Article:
Stokes phenomenon

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In complex analysis the Stokes phenomenon, discovered by G. G. Stokes (1847, 1858), is that the asymptotic behavior of functions can differ in different regions of the complex plane. These regions are bounded by Stokes line or anti-Stokes lines.

Stokes lines and anti-Stokes lines[edit]

Somewhat confusingly, mathematicians and physicists use the terms "Stokes line" and "anti-Stokes line" in opposite ways. The lines originally studied by Stokes are what some mathematicians call anti-Stokes lines and what physicists call Stokes lines. (These terms are also used in optics for the unrelated Stokes lines and antiStokes lines in Raman scattering). This article uses the physicist's convention, which is historically more accurate and seems to be becoming more common among mathematicians. Olver (1997) recommends the term "principal curve" for (physicist's) anti-Stokes lines.

Informally the antiStokes lines are roughly where some term in the asymptotic expansion changes from increasing to decreasing, and the Stokes lines are lines along which some term approaches infinity or zero fastest. AntiStokes lines bound regions where the function has some asymptotic behavior. The Stokes lines and antiStokes lines are not unique and do not really have a precise definition in general, because the region where a function has a given asymptotic behavior is a somewhat vague concept. However the lines do usually have well determined directions at essential singularities of the function, and there is sometimes a natural choice of these lines as follows. The asymptotic expansion of a function is often give by a linear combination of functions of the form f(z)e±g(z) for functions f and g. The Stokes lines can then be taken as the zeros of the imaginary part of g, and the antiStokes lines as the zeros of the real part of g. (This is not quite canonical, because one can add a constant to g, changing the lines.) If the lines are defined like this then they are orthogonal where they meet, unless g has a multiple zero.

As a trivial example, the function sinh(z) has two regions Re(z)>0 and Re(z)<0 where it is asymptotic to ez/2 and ez/2. So the antiStokes line can be taken to be the imaginary axis, and the Stokes line can be taken to be the real axis. One could equally well take the Stokes line to be any line of given imaginary part; these choices differ only by change of variables, showing that there is no canonical choice for the Stokes line.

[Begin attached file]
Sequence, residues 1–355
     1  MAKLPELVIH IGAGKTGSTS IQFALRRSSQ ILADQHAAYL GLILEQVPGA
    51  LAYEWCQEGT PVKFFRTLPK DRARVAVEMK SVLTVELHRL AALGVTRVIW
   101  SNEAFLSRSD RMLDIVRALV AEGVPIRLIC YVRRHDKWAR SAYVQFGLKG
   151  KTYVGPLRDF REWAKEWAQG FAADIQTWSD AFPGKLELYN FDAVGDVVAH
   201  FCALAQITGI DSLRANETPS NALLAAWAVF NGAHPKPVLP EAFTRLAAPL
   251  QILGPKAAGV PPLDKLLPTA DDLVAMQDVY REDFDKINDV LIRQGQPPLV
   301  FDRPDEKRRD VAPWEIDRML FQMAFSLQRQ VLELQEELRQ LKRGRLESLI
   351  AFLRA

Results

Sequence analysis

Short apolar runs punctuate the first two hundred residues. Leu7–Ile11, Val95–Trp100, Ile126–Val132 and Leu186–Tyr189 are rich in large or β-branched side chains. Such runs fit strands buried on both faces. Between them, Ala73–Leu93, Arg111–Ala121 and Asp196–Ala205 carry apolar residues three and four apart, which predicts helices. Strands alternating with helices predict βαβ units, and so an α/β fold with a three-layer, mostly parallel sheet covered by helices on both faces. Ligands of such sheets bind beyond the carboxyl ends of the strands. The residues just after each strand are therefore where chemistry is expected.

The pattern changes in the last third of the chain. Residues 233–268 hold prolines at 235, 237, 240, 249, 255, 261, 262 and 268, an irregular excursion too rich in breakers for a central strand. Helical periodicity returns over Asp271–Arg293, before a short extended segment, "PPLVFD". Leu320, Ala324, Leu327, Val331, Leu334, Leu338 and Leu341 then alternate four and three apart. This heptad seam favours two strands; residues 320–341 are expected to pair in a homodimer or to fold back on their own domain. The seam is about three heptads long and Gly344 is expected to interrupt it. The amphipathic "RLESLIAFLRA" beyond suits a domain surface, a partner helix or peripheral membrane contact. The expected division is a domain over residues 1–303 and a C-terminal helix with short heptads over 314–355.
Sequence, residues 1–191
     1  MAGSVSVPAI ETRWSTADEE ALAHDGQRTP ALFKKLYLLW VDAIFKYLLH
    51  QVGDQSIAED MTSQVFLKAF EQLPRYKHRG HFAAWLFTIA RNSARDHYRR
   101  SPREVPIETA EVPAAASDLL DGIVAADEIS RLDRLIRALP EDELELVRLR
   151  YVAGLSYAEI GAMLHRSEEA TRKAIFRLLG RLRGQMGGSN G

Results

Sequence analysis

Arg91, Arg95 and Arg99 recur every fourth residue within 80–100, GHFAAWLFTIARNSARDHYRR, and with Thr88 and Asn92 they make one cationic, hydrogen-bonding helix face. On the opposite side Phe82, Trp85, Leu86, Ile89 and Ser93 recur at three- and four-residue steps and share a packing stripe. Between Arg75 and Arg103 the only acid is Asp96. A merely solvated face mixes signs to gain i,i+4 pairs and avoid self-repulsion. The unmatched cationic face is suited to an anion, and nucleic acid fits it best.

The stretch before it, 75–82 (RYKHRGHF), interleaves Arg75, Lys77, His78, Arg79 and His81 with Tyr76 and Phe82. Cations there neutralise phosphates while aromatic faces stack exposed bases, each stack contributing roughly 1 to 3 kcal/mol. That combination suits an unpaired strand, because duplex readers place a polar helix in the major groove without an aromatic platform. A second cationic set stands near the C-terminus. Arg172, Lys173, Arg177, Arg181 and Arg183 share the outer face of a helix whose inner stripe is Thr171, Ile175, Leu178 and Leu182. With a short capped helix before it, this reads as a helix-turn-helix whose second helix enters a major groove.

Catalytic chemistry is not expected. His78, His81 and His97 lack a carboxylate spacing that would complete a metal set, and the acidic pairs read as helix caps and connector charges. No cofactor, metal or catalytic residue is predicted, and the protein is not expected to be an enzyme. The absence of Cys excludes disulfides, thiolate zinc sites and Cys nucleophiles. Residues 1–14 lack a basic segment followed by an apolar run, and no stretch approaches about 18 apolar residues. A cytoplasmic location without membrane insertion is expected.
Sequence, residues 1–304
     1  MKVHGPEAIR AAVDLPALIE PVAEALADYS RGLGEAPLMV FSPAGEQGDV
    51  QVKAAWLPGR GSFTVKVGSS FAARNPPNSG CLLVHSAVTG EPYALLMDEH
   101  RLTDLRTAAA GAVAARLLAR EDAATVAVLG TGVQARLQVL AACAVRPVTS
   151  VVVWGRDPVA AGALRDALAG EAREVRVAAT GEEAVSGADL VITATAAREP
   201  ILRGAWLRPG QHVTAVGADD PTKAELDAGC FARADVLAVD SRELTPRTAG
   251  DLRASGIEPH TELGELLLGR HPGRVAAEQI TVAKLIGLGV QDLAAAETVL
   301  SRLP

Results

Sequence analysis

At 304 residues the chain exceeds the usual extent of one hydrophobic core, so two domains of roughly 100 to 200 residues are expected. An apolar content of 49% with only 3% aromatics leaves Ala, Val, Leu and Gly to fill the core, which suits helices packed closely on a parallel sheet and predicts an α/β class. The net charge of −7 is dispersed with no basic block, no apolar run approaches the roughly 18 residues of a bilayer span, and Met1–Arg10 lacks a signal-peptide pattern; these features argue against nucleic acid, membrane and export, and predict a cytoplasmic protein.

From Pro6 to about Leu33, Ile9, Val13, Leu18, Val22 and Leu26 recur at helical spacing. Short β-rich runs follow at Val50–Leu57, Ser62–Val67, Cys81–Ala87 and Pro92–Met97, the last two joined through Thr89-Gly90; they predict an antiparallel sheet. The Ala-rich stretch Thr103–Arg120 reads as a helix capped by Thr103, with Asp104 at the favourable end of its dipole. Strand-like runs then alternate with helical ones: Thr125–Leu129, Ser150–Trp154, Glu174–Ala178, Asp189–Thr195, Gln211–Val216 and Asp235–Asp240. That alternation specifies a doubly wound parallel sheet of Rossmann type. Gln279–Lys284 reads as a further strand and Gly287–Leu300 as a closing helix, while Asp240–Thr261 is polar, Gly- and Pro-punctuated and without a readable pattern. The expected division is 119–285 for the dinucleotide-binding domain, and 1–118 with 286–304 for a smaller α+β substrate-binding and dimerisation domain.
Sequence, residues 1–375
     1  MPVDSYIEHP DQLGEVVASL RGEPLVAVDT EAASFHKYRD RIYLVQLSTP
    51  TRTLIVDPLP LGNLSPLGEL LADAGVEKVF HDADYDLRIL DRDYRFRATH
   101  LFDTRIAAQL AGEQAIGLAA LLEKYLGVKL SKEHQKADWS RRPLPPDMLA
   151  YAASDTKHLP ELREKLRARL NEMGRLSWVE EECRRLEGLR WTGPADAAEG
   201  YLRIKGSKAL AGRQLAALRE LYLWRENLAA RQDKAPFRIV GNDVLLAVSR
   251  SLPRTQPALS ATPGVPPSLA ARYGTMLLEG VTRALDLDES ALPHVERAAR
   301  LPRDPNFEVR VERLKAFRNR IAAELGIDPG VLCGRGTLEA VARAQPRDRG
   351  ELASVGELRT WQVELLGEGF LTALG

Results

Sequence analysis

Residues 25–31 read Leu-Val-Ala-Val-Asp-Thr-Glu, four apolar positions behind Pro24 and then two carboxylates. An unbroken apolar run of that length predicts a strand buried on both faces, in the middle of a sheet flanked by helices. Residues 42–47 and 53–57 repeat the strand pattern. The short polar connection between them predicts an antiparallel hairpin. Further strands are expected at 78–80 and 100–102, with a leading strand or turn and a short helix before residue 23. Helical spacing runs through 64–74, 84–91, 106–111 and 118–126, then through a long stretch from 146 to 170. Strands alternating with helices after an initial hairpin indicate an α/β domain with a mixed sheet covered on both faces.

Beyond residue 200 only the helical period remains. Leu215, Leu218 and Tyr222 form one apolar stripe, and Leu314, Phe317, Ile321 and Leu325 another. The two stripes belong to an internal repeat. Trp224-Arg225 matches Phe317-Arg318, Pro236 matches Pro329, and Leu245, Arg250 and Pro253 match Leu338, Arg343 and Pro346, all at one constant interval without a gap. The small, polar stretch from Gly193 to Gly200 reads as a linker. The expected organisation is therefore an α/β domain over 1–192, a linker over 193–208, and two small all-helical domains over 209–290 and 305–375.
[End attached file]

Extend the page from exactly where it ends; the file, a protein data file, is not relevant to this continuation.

Example: the Airy function[edit]

The Airy function Ai(x) is one of two solutions to a simple differential equation

y'' - xy = 0 , \,

which it is often useful to approximate for many values of x – including complex values. For large x of given argument the solution can be approximated by a linear combination of the functions

\frac{e^{\pm\frac23x^{3/2}}}{x^{1/4}}.

However the linear combination has to change as the argument of x passes certain values because these approximations are mutli-valued functions but the Airy function is single valued. For example, if we regard the limit of x as large and real, and would like to approximate the Airy function for both positive and negative values, we would find that

Plot of Ai(x) in red and Bi(x) in blue

\begin{align}
 \mathrm{Ai}(x) &{}\sim \frac{e^{-\frac23x^{3/2}}}{2\sqrt\pi\,x^{1/4}} \\
 \mathrm{Ai}(-x) &{}\sim \frac{\sin(\frac23x^{3/2}+\frac14\pi)}{\sqrt\pi\,x^{1/4}} \\
\end{align}
Stokes lines and antiStokes lines for the Airy function

which are two very different expressions. What has happened is that as we have increased the argument of x from 0 to pi (rotating it around through the upper half complex plane) we have crossed an antiStokes line, which in this case is at \operatorname{arg}\, x = \pi / 3. At this antiStokes line, the coefficient of \frac{e^{-\frac23x^{3/2}}}{x^{1/4}} is forced to jump. The coefficient of \frac{e^{+\frac23x^{3/2}}}{x^{1/4}} can jump at this line but is not forced to; it can change gradually as arg x varies from π/3 to π as it is not determined in this region.

There are three antiStokes lines with arguments π/3, π. –π/3, and three Stokes lines with arguments 2π/3, 0. –2π/3.

Example: second order linear differential equations[edit]

The Airy function example can be generalized to solutions of second order linear differential equations as follows. By standard changes of variables the equation can usually be changed to one of the form

 \frac{d^2w}{dz^2} = f(z)w

where f is holomorphic in a simply connected region and w is a solution of the differential equation. Then in some cases w has an asymptotic approximation as a linear combination of functions of the form

\frac{\exp{\pm\int_{a}^z\sqrt{f(z)}dz}}{f(z)^{1/4}}

for some constant a, and the antiStokes lines and Stokes lines can be taken as the zeros of the real and imaginary parts of

\int_{a}^z\sqrt{f(z)}dz.

If a is a simple zero of f there are three Stokes lines and three anti-Stokes lines meeting, as in the case of the Airy function where f(z)=z has a simple zero at z=0.

References[edit]